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Hoffmann, R. A wiki for the life sciences where authorship matters. Nature Genetics (2008)

Computer-aided design of chiral ligands. Part 2. Functionality mapping as a method to identify stereocontrol elements for asymmetric reactions.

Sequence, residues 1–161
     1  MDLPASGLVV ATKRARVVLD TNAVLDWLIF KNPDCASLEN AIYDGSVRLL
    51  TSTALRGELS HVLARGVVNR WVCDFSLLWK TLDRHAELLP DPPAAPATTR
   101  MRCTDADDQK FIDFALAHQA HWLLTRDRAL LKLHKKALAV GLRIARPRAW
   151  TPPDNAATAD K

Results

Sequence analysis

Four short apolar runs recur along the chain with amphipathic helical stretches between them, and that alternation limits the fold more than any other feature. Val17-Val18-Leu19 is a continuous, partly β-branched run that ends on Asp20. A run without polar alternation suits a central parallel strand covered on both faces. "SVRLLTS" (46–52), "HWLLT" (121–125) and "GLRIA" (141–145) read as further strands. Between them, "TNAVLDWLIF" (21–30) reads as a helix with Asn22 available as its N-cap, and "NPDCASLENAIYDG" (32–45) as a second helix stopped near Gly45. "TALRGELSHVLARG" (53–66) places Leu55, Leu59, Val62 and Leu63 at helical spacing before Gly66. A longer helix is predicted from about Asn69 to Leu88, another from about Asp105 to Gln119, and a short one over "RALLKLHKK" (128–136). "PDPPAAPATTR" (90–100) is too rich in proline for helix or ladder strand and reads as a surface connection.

A computational method to determine the energetically favorable positions of functional groups with respect to the transition states of stereoselective reactions based on force field energy minimization is presented. The parameters of this functionality mapping, the characteristics of the target transition states, and the features of the probe structures are outlined. Our method was found to reproduce the positions of the stereodiscriminating fragments for some known chiral ligands including the Masamune dimethylborolane, dimenthylborane, the Corey stien reagent, the Roush allylboronate tartrates, and the secondary amine Diels-Alder catalysts described by MacMillan. Functionality mapping can be used to better understand the specific interactions in the transition states leading to the products by providing a quantitative measure of the stabilization/destabilization afforded by the different ligand components via nonbonded interactions. The method can determine if a chiral ligand imparts the observed selectivity by stabilizing one reaction pathway, by destabilizing a reaction pathway, or by a combination of both. Orientational as well as positional information about potential functional groups is readily obtained. In addition to its utility as an analytical tool, functionality mapping can be used to explore starting points for the design of new chiral ligands.[1]


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